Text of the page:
I see this as similar to the arguments about libertarian utilitarianism. Utilitarian considerations might be a justification for libertarianism, but only if you care about utility. If you are a pure utilitarian, you should prefer a non-libertarian system if it produces higher utility. If you are a fundamentalist deontological libertarian, utility is just incidental.

If you are a pluralist, you have some difficult questions to answer. Where does meritocracy take one that libertarianism/utilitarianism/whatever doesn't?

kebko writes:

There seems to be an assumption that if markets are not perfectly meritocratic, they lead to more inequality. But, occupations that allow for precise measurement (sales, for instance), tend to have much higher variance of incomes than typical occupations (clerical workers, for instance). Inertia and imperfect information mean that most markets are actually much more egalitarian than a strict meritocracy would be.

In statistical terms, Bryan is saying that if we could do a regression of income to merit, the r^2 would be higher than we give credit. I would suggest that in addition to that, the slope of the regression line would be relatively flat. Most criticism of markets deals with the noise around the line and ignores the flat slope.

On net, markets make the world more egalitarian than pure meritocracies, not less.

Eric Rall writes:

It's all in the framing. "Make your music more commercial" is more or less a perjorative way of saying "make music more people will want to hear".

Steve Sailer writes:

How about:

8. Take lots of drugs, especially new drugs.

The cash machine classics still playing on the radio from the 1960s-1970s were typically done on LSD, marijuana, or heroin, while the 1970s-1980s stuff is heavily driven by cocaine.

As Mickey Kaus points out, what they forget to tell you in all those biopics about musicians who finally conquer their inner demons is that the point when the musical innovator finally gets off drugs tends to correlate with the point when he stops being a musical innovator.

Saturos writes:

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Tom West writes:

The one other caveat that Bryan forgot is that it's not enough to provide a valuable service to people who want to pay for it, you have to provide it to people who *can* pay for it.

By the strict "merit = pecuniary success" barometer, service provided to the penniless is worthless.

(I suppose a strict propertarian might argue that only those who have provided worth to someone else (whether by action or by birth) can provide worth to others - strictly speaking a penniless person is worthless. However, I don't think that philosophy meshes with the moral intuition of most of us.)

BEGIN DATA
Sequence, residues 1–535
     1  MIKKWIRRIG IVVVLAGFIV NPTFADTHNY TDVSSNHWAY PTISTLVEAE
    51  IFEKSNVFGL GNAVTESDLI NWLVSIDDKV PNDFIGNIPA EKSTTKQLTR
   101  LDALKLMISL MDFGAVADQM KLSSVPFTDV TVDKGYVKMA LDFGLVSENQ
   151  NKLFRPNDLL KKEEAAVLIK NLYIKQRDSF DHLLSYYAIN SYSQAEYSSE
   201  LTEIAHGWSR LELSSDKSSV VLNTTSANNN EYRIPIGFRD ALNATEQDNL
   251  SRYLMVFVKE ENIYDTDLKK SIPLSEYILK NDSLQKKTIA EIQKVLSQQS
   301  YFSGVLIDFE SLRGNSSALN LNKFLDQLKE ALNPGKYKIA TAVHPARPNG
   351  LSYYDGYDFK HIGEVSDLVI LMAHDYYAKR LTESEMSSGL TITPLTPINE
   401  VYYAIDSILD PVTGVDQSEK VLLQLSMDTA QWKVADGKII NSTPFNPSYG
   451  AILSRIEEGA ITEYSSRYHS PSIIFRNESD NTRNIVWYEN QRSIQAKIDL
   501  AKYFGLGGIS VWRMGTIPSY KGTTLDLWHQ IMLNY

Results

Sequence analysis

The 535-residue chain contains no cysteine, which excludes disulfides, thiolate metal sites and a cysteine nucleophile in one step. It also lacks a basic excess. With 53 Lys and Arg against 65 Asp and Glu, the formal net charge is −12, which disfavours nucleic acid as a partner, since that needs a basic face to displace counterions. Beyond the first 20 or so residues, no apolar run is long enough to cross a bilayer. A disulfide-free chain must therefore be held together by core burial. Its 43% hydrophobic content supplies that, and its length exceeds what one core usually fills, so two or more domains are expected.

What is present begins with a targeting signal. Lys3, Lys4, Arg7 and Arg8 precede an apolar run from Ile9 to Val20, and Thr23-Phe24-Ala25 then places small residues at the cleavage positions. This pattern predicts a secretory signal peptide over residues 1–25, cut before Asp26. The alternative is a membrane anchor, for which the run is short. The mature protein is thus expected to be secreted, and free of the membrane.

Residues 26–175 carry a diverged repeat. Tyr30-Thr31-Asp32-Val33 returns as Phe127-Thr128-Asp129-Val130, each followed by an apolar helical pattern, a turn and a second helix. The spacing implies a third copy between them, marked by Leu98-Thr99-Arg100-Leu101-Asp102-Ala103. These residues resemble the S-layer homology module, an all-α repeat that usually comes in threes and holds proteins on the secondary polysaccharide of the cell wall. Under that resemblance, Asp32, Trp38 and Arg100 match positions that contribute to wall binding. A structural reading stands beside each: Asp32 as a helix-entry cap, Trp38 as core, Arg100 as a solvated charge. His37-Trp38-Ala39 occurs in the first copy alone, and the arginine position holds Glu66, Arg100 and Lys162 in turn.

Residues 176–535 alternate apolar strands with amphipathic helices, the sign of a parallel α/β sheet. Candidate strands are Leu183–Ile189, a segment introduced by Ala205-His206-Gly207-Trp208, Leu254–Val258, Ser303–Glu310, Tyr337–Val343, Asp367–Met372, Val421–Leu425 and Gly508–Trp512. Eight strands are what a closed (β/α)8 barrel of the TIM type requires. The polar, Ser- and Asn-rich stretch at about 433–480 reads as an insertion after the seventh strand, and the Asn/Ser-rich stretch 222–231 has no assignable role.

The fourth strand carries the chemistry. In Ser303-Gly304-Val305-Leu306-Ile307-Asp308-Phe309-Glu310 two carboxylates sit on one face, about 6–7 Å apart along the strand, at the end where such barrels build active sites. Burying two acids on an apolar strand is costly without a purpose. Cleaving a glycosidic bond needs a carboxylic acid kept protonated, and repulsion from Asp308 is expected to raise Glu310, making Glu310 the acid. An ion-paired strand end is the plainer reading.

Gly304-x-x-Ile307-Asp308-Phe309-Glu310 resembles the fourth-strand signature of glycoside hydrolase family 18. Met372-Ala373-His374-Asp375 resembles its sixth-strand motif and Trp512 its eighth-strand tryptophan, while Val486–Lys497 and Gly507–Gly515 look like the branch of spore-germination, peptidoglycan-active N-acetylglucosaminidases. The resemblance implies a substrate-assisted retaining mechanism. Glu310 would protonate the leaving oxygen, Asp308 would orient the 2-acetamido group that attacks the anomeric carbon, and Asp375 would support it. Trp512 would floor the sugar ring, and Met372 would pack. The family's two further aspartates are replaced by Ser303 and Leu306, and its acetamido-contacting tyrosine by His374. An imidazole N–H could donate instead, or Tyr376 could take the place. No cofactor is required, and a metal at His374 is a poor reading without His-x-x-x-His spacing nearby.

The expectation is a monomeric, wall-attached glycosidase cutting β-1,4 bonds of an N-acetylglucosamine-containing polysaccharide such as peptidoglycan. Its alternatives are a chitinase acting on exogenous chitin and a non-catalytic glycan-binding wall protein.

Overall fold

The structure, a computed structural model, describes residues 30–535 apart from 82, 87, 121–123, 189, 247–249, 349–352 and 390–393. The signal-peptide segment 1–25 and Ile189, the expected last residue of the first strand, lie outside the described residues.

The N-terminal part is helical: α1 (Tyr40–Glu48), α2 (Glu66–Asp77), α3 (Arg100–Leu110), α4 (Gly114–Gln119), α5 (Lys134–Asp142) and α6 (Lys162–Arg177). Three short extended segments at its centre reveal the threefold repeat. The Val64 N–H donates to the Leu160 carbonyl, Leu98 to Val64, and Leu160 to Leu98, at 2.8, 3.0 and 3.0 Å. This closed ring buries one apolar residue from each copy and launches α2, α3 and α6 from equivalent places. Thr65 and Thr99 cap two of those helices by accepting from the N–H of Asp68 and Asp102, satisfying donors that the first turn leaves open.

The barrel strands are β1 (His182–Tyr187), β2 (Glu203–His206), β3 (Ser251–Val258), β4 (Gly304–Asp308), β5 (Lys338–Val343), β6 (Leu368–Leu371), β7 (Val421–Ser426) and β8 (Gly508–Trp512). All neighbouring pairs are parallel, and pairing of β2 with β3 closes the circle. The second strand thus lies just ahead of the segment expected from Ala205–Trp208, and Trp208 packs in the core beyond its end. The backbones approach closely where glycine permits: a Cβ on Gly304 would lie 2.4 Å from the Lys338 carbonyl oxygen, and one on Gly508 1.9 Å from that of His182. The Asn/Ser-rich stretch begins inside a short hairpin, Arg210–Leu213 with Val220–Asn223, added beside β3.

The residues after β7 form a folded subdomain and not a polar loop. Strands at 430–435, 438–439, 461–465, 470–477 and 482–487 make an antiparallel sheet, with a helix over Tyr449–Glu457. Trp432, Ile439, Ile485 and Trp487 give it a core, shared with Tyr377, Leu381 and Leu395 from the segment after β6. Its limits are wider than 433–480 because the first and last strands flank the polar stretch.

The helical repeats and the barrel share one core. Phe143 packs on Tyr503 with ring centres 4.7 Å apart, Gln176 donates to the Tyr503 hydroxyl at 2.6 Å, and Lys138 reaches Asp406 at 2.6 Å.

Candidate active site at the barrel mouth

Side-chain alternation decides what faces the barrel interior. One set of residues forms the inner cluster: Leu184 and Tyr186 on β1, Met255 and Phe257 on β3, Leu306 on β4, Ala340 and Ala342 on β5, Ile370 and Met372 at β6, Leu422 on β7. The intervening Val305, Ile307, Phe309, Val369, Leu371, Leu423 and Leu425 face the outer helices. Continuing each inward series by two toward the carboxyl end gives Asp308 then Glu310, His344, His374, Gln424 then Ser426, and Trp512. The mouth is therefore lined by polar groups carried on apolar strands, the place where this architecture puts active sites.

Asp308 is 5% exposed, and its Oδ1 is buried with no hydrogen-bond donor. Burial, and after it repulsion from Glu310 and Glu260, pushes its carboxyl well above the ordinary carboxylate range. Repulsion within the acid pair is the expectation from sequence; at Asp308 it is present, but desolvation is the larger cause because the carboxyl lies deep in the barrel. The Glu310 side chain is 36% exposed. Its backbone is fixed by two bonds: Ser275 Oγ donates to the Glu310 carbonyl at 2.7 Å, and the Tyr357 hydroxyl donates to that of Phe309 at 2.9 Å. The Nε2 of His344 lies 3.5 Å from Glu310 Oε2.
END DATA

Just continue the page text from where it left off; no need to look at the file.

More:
Eric Falkenstein writes:

Johnny Cash, Ray Charles...stop the drugs, and then they just replay the oldies.

I think this doesn't work well for more analytic work. Marx supposedly drank a lot, which perhaps explains a lot.

Chris Brennan writes:

The relative prices we actually pay for goods and services may be easily observed in ways that allow us to agree that objectively "price X was paid for a good" or a "price Y was paid for a service".

In comparison, beyond our individual feelings about them, things do not actually have value nor do actions actually deserve merit. Our feelings cannot be observed in a way that allows us to agree that, objectively, a thing "has value X" or an action "deserves Y merit".

I may feel that a thing is valuable to me while you may feel it is not valuable to you. The thing itself does not possess an attribute of "having value" which would make either our feelings wrong.

I may feel that an action merits my praise or respect while you may feel it does not merit yours. The action itself does not actually possess an attribute of "being deserving of merit" that would make either of our feelings wrong.

Occam's razor suggests that we not make metaphysical assumptions about value and merit which are unnecessary to accurately describing the world we observe.

The political question is "What basis can I see for using threats of violence to force to others to accept my individual feelings about value and merit?" The libertarian answer is "None."

Wallace Forman writes:

Also a quote from Thomas Sowell's Knowledge and Decisions seems apropos:

"Economic optimality is not moral justification. This is especially so in a changing economy, where rewarding 'merit' may be incompatible with re-allocating resources in accordance with changing technology and changing tastes. In a totally unchanging economy, it is conceivable that the hardest working, most foresighted, imaginative, or skilled individual would end up with earnings reflecting these valuable characeteristics, so that economic efficiency and morally justified rewards would both result. In an economy constantly changing in technology and taste, rewarding 'merit' and efficiently re-allocating resources are often contradictory goals.
...
To reward 'merit' is to reward some subjective estimate of input as judged by some unitary scale of values applied by some observer(s). To reward output is to reward tangible results as assessed by those actually using the output, in light of their own respective, diverse preferences. Only by the rarest coincedence would these different procedures lead to the same result. The question, then, is what is to be gained by substituting one set of surrogate preferences for diverse individual preferences, and adding the costs of consensus about values?"

Lewis writes:

Fugazi should be the greatest band of all time then. Maybe they are

mark writes:

"If merit comes from striving, effort, or overcoming adversity, then a free market works to diminish the amount of meritorious action in order to increase productivity.'

This is the root of his mistake. The striving / effort can be mental effort to make labor more productive. It isn't only hard work that translates into merit. Intelligent decisions even when arrived at in a short time are also highly meritorious.

Tom West writes:

The question, then, is what is to be gained by substituting one set of surrogate preferences for diverse individual preferences, and adding the costs of consensus about values?"

And the answer in the minds of many, of course, is justice.

Of course, justice is pretty fuzzy, and comes only at the expense of a different justice. But if we're dealing with the vast majority of human beings, there's a pretty strong feeling that there ought to be a link between effort and reward (again, somewhat fuzzily). And to a large extent, the majority approves of progressive taxation to further that belief.